Sony 70-400mm f/4-5.6 SSM G (SAL-70400G) - Review / Test Report
Lens Reviews -
Sony Alpha/NEX (APS-C)
Tuesday, 28 April 2009 14:00
Page 1 of 3
Special thanks to Dieter Scherk for providing the lens for testing purposes!
The Sony 70-400mm f/4-5.6 SSM G is one of the latest lenses in Sony's quest to catch up with the big boys (Canon and Nikon that is).
The Sony lens belongs to the G ("Gold") lineup - Sony's designated professional-grade lenses. The price tag is accordingly high at around 1400-1500€/US$ - this is about in line with its Canon/Nikon counterparts. The 70-400mm G is a full format lens but naturally it works perfectly on Sony Alpha APS-C DSLRs with a field-of-view equivalent to 105-600mm. Typical applications include sports and wildlife photography. In the beginning there were some controversial discussions in the community about the silver finish of the lens and it's still pretty much a consensus that white or black would have been more appropriate for a professional grade lens. Sony felt probably the need "to be different" here. Anyway, technically this is rather irrelevant and the finish ensures that the lens does not heat up when shooting under strong sunlight.
The build quality of the lens is truly superb - the lens body is mainly made of metal and high quality plastic parts assembled with very tight tolerances. The focus and zoom control rings operate very smooth. It is a bit unusual that the zoom ring is located in front of the focus ring (at the front of the lens) but you shouldn't have any problems to get used to this. Typical for all lenses in this class the lens extends when zooming towards the long end of the range. The front element does not rotate thanks to the internal focusing (IF) system. The lens does not feature any seals which is somewhat unfortunate regarding the (professional) target audience and relative to its comparatively high price tag. The lens is supplied with a deep, petal-shaped lens hood.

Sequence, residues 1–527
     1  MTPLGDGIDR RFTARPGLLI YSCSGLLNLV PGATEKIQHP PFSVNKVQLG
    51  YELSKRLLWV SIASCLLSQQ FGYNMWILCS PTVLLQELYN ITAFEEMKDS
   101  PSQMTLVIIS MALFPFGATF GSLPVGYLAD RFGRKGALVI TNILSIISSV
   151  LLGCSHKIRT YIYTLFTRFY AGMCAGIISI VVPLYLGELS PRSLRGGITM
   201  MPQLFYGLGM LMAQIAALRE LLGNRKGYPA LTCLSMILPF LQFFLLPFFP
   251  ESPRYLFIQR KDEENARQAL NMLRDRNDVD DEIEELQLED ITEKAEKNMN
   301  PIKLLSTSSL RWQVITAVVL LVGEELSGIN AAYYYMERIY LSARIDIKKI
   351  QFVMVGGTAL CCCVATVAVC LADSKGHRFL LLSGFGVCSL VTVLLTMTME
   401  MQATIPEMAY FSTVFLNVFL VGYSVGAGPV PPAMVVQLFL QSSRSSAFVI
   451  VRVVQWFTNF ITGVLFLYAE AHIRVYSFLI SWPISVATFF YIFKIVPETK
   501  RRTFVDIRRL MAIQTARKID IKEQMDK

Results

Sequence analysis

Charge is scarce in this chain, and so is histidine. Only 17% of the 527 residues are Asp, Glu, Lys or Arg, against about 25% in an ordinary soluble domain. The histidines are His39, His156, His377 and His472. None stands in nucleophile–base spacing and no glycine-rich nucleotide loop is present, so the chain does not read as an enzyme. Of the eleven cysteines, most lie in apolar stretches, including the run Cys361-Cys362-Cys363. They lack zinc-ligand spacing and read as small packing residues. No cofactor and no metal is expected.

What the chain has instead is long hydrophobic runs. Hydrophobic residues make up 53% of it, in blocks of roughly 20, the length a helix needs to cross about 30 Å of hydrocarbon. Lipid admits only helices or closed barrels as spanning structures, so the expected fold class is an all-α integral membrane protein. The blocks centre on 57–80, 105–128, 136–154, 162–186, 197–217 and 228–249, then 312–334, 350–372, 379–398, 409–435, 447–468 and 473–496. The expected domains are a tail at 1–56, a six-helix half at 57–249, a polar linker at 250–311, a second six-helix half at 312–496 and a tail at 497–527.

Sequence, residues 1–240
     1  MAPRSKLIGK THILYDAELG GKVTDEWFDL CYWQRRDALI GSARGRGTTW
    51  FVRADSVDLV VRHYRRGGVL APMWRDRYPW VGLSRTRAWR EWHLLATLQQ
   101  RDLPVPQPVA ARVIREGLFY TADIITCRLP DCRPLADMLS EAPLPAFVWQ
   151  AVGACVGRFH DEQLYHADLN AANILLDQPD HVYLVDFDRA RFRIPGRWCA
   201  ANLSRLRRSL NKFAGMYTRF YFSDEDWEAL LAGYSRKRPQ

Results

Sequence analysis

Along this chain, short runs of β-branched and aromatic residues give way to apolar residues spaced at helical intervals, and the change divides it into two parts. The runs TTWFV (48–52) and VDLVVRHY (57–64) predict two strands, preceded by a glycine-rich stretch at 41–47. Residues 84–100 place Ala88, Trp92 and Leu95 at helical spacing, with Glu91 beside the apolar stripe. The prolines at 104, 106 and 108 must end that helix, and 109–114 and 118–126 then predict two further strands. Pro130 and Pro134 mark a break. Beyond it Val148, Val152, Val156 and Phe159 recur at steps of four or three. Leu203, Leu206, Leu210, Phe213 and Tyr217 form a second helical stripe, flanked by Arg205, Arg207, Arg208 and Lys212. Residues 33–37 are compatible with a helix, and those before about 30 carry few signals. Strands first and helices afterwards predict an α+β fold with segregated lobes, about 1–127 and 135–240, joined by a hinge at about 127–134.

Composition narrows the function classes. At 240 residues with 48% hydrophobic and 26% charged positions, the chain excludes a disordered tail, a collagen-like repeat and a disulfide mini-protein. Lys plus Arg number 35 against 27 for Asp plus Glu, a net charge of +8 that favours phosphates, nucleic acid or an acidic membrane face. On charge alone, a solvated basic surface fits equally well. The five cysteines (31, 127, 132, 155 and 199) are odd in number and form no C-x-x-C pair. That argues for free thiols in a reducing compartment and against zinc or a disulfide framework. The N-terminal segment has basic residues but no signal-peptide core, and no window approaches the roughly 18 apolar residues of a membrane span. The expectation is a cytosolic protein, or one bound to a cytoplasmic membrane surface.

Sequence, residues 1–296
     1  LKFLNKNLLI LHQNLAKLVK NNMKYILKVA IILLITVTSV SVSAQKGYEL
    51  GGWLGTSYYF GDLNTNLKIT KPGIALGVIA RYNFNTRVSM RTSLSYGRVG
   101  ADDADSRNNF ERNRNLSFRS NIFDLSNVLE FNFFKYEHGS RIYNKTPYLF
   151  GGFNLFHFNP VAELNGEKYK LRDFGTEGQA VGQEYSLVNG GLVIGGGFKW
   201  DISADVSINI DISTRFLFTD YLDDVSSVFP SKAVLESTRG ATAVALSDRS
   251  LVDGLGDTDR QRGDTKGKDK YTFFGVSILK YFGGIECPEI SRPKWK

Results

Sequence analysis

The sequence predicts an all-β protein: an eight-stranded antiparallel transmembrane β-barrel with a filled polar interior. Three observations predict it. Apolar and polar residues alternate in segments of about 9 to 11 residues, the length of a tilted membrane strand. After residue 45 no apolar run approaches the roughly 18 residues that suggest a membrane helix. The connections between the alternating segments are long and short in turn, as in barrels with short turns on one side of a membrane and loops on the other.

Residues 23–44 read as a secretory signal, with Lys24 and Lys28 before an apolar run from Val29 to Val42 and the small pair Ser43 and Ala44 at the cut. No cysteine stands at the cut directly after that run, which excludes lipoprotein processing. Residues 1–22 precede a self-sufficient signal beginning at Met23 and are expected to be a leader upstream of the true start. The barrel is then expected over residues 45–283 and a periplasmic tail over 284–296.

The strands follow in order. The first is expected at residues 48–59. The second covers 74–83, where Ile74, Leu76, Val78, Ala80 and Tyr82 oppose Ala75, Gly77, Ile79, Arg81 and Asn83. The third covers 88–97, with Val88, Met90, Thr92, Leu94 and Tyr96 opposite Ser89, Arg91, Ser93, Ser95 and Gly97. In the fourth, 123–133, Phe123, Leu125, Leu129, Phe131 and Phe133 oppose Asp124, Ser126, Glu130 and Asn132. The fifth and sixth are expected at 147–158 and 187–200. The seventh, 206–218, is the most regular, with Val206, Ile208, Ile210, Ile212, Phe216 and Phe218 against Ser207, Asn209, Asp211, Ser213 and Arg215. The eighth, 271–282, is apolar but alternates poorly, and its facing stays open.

An interesting aspect of the lens is the SSM - the SuperSonic AF Motor which is similar to Canon's USM or Nikon's SWM. The variant used in the 70-400mm G is reasonably fast (reads: not blazingly fast) and near silent. We did see some focus accuracy problems in the field when shooting at f/8 but we can't rule out that this was more a camera problem. Sony did also incorporate a dedicated focus-stop button as well as a focus limiter. It makes sense to take advantage of the latter in order to avoid excessive hunting because the focus path of the lens is rather long.
|Equiv. focal length||105-600 mm (full format equivalent)|
|Equiv. aperture||f/6-f/8.4 (full format equivalent, in terms of depth-of-field)|
|Optical construction||18 elements in 12 groups inc. 2x ED elements|
|Number of aperture blades||9 (rounded)|
|min. focus distance||1.5 m (max. magnification ratio ~1:4)|
|Dimensions||94.5 x 196 mm|
|Weight||1490 g |
|Filter size||77 mm (non-rotating)|
|Hood||petal-shaped, snap-on, supplied|
|Other features||DMF, focus stop button, focus limiter|